Why the ideal CISO reporting structure is at the highest level

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To whom does the information security officer report? It depends.

It depends on who you ask, and it depends on what the organization as a whole wants to accomplish by having a CISO in the first place. That said, for the majority of organizations, it’s critical that the CISO report to a business executive rather than a CTO and with as few layers as possible between the CISO and the CEO. The reason for this is that security success is lower for organizations where the CISO reports to someone who does not report directly to the CEO.

Common CISO reporting structures

CISOs typically report to one of several positions: either a technology position – typically, the CIO – or a business position, such as chief risk officer (CRO), chief financial officer, chief operating officer, or CEO. The choice depends on how the organization wants cybersecurity to work: as a compliance checkbox; as a security measure subject to the provision of services; as another facet of risk management; as a business enabler focused on continuity and integrity of operations; or as a transformative business catalyst.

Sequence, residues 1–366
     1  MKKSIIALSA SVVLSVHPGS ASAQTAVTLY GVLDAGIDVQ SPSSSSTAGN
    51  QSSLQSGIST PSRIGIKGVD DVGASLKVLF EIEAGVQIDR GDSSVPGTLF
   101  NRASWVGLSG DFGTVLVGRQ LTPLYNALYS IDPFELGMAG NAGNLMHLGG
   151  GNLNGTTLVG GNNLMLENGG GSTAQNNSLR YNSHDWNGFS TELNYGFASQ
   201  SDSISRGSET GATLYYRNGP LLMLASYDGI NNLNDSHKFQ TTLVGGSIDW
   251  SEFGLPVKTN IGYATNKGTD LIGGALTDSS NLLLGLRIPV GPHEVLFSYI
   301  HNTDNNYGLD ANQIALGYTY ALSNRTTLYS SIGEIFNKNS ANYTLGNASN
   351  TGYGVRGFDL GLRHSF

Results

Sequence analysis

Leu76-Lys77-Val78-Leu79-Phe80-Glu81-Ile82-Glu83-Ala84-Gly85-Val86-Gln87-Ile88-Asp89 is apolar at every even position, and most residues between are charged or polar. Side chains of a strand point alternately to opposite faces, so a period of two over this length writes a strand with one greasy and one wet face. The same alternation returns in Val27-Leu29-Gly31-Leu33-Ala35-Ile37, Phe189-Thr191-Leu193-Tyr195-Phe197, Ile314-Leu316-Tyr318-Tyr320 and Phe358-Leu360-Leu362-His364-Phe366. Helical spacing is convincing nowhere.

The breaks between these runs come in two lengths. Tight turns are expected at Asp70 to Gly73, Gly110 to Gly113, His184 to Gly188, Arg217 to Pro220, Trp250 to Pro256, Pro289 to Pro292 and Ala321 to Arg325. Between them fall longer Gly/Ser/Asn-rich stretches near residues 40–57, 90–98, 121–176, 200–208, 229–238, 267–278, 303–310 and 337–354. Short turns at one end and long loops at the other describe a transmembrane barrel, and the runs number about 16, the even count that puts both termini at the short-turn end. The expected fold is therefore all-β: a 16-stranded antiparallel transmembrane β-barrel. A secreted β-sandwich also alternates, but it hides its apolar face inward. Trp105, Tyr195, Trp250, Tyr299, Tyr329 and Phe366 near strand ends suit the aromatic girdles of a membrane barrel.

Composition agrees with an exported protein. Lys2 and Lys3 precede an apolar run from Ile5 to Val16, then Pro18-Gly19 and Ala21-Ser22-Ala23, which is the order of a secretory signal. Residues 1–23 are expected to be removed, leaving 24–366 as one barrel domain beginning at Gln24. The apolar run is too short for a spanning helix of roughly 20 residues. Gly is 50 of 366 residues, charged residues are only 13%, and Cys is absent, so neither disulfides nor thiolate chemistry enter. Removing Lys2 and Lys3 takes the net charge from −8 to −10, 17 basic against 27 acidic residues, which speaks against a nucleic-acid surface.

CISO to CIO: Cybersecurity in IT

The most common hierarchical structure of the CISO is that of the CIO, which is generally the less effective choice.

The logic behind the CISO to CIO report is that cybersecurity is largely a technology function. This assumption is both inaccurate and dangerous.

This is incorrect because the CISO is responsible for protecting the entire company, not just the company’s technology infrastructure, from attack. This means that a successful attack damages more than a company’s networks and systems. It can cost billions of dollars in market capitalization and tarnish the organization’s brand.

This is dangerous because CIOs and CISOs often have competing priorities. When the CISO reports to the CIO, the CIO ultimately has veto power over the CISO’s actions and can control the CISO’s agenda and direction. The organization recognizes the importance of cybersecurity since it has a CISO, but considers it secondary to the delivery of IT services.

This reporting structure may indicate that the business views providing services with inadequate security as acceptable – although often only temporarily – if it involves meeting critical deadlines. In this case, doing business quickly trumps doing business responsibly. This organization often sees many security enhancements for internal applications late in the process or replacement of security envelopes for purchased products.

A CEO-CISO or business-side reporting structure indicates high-level support for strong cybersecurity.

CISO to CFO: Cybersecurity Because Auditors Demand It